When asked about teenage drug use, Mrs. Stover, a counselor at Melissa High School, stated, “I have a lot of different emotions: sad, frustrated, angry, and disappointed. I feel like it dulls down who children actually are and I hate to see them make choices that have the likelihood of negatively impacting their future lives.” Teenagers turn to drugs as for stress relief, a source of entertainment, or to find what they believe to be genuine happiness. Also, the pressure to follow through with what everyone else is doing gives young adults enough reason to do drugs.

Drug use increases dramatically in high school. According to the survey, 92 percent said that they know another Melissa High School student that is involved with drugs. This does not just include illegal drugs like marijuana and cocaine, but also pharmaceutical drug abuse. In an article within a health magazine, the author states that “In 2008, the Partnership for a Drug-Free America reported that 4.5 million teenagers, almost 20 percent, had abused a prescription medication in their lifetimes” (Burke). Addiction to drugs is not only costly, but can wreak havoc on your body.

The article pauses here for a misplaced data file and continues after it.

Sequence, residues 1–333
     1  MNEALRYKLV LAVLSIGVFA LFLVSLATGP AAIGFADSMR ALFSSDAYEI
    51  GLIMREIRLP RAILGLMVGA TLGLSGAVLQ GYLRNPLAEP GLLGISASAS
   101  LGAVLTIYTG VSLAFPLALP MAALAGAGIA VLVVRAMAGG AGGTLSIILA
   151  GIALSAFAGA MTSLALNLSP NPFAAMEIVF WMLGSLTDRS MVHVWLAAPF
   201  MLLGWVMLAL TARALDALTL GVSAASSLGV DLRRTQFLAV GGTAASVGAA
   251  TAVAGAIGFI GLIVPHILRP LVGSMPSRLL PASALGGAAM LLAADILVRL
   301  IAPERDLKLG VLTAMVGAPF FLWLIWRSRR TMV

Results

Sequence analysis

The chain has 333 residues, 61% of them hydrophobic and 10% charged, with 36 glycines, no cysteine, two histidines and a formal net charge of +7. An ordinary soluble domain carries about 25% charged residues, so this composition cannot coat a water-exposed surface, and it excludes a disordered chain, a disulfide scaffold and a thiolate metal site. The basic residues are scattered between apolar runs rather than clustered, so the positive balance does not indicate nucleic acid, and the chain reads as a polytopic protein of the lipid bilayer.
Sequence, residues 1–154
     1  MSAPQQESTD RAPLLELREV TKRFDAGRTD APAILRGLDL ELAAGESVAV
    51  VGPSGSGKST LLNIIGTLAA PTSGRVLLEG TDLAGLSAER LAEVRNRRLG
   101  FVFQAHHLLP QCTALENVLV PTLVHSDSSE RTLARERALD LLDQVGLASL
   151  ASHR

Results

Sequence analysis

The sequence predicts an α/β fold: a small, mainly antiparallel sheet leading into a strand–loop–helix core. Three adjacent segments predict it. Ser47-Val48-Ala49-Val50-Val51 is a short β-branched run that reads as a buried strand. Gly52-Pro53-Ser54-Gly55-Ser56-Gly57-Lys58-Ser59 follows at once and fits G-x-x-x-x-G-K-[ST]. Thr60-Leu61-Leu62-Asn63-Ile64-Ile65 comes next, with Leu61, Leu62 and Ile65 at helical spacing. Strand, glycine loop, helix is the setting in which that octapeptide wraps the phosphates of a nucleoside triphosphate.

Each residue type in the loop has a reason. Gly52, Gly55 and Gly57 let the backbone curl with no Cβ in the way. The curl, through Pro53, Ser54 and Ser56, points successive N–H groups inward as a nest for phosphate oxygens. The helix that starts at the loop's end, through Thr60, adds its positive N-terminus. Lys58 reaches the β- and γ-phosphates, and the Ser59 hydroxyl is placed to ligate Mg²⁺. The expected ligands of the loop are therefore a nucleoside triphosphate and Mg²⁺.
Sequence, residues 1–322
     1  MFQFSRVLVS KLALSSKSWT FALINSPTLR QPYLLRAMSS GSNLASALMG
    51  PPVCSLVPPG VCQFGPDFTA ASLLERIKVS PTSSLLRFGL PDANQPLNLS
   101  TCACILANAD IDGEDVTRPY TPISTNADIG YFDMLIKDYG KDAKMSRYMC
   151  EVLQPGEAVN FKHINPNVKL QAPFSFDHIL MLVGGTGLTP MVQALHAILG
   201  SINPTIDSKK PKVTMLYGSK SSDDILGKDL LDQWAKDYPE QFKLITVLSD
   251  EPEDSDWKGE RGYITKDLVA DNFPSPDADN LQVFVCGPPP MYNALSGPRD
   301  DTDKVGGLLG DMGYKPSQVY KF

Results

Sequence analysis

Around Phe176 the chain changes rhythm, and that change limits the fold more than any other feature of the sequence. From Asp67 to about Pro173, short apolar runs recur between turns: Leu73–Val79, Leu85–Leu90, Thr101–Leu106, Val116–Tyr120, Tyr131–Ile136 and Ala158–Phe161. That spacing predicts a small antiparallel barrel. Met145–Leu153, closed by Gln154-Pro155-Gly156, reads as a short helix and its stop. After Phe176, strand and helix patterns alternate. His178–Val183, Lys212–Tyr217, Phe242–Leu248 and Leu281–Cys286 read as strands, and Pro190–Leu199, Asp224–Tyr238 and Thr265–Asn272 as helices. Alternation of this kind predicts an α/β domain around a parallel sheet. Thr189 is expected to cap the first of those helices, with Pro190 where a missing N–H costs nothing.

Drugs are also very difficult to stop after a person becomes addicted. When a person first starts using a drug, or drinking, their brain is flooded with dopamine. However, as they continually do what they were doing, their brain becomes more accustomed to the high, so it releases less dopamine. Therefore, it takes more and more of a substance to produce the same high. Because of this, people are often unable to stop doing drugs or drinking, because they are addicted to the high. Following years of drug abuse, some can only recover with the help of rehab and most experience withdrawals.